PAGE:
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How to Sell Your Home With Pets

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Lots of property owners have a pet. In fact, 40% of the UK own a little four-legged friend, so it might be hard to believe that someone has an issue with buying a property that has previously been pet friendly.

Not everyone looks upon your dog or cat (or other beloved pet) with fondness, however.

In fact, some potential home buyers could look at properties with pets in a negative light. They might even try and use it as a negotiating tactic to lower the price. Or, even worse, lose interest entirely.

Don’t worry, though. If you’re a property and pet owner, selling your home needn’t be an issue.

All it takes is a bit of planning to make sure potential buyers don’t even think twice at the thought of your cat or dog having lived there. Here’s how to sell your home with pets.

Remove your pet from viewings

While having to find a place for your pet to stay every time there’s a viewing isn’t ideal, it might be necessary if potential buyers are scared of animals.

So, the first step in this guide to selling a house with pets is to relocate your pet, or remove them from the home during viewings.

Viewers, and even estate agents, might feel uncomfortable around your furry friend. While you might think little your little pet friend bouncing around the house is cute, others may not share your enthusiasm.

Potential buyers could also bring young children with them to viewings. It might not be a suitable atmosphere to have your pet around younger children, especially if it’s a large dog.

Of course, it’s not possible for everyone to remove their pet from the property during viewings. Trying to find somewhere to keep them every time you have a viewing could also become a hassle.

If you can’t arrange to be out with your pet, at the very least, inform the agent or buyers.

 Minimise damage

Pets can cause damage around the home, especially if they’ve lived there for a few years. The damage might not be major, with the odd scratch and tear here and there, but it all adds up and could be a reason why your home isn’t selling

Carpets, hardwood flooring, walls, and even outdoor areas could end up having some form of damage.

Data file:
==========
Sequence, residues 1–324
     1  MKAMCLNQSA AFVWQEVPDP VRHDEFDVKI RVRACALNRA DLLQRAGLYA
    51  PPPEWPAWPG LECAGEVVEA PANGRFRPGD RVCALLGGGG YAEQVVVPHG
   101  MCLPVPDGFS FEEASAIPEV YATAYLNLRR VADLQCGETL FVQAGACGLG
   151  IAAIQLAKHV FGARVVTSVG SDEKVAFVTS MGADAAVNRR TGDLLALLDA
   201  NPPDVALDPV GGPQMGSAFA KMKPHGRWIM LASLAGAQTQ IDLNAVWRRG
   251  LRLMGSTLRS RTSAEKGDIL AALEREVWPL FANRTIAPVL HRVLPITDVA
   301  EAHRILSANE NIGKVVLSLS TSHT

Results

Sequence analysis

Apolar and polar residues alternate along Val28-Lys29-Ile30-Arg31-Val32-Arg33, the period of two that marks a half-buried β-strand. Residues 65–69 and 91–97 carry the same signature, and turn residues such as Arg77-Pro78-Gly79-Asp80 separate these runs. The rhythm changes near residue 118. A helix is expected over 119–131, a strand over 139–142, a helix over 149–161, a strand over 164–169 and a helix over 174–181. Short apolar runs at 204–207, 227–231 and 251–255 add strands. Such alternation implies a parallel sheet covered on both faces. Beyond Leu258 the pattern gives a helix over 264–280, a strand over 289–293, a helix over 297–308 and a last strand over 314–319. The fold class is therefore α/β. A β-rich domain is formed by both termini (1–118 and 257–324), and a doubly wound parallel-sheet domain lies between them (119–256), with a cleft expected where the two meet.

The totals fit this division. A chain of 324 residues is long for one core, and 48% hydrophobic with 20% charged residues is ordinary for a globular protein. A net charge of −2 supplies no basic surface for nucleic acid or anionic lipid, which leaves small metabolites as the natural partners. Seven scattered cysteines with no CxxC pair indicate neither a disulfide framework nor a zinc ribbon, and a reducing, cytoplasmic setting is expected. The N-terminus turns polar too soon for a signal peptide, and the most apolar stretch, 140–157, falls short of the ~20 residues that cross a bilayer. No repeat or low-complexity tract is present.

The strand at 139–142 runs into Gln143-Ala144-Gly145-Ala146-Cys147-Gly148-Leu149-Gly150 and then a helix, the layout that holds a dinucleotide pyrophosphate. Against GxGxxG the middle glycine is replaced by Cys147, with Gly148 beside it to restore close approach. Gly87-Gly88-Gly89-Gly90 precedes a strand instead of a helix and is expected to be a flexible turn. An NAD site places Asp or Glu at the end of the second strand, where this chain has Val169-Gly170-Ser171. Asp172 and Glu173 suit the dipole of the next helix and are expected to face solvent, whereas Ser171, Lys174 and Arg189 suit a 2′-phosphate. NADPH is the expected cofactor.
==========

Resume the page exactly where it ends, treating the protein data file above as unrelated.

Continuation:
If you’re trying to sell your home, you’ll want it to look as presentable as possible. Which is why it’s a good idea to repair any damage caused by your pets.

You might only need to do the odd touch-ups around your house, but it’s well worth the investment. Having someone look at your property only to see scratch marks or evidence of pet damage is far from ideal and won’t leave a good impression

Clean, clean, clean

Even if your home is relatively damage free from your pets, it’s a good idea to do a thorough clean and remove all pet evidence. From the moment the photographer schedules pictures to an hour before each viewing, give your home a good tidy.

Make sure that the kitty litter and dog bowls are out of sight to avoid lingering smells. Remove any toys, especially the ones that have a tendency to squeak when you stand on them. And don’t forget to vacuum up all of those pet hairs that malt to the floor or get on the furniture.

Lastly, head to the garden and give it a once over – especially if you own a dog that spends a lot of time outside. Pet stains aren’t attractive to buyers, even for those who love pets, so ensure everything is clean and tidy.

Use air freshener

Once you’ve had a good tidy, it’s time to air out your home as part of the selling process. Pets tend to leave that “pet smell” around the house, and it can be hard for owners to recognise it – especially as they become accustomed to the smell.

Potential buyers will pick up on any animal smells quickly, however. You can use air fresheners, though some people have allergies to fragrance products. Alternatively, it might be worth having the carpets and flooring professionally cleaned. This is probably the best option as it will remove the smell entirely, rather than simply mask it.

Once the house is clean and free of odours, ask a neighbour to come round and do a smell test. Making sure your home is odour free is one of the most important aspects – bad smells is one of the primary put-offs for potential buyers.

Getting your home sale ready

As much as you adore your pet, it’s important to understand that not everyone will feel the same. Making sure you minimise the impact of your pet when selling increases your chance of striking a deal.

Keep your house fresh, clean and, if possible, pet free for viewings. Just think of it as an opportunity for you and little Milo the Tabby Cat to move into a new home together and start a new adventure. 

Need professional advice? 

If you’re looking for more guidance to help you navigate the property minefield smoothly, we have plenty of advice in one place. Find Phil Spencer’s tips for selling your home here. 

Last Updated: January 3rd, 2024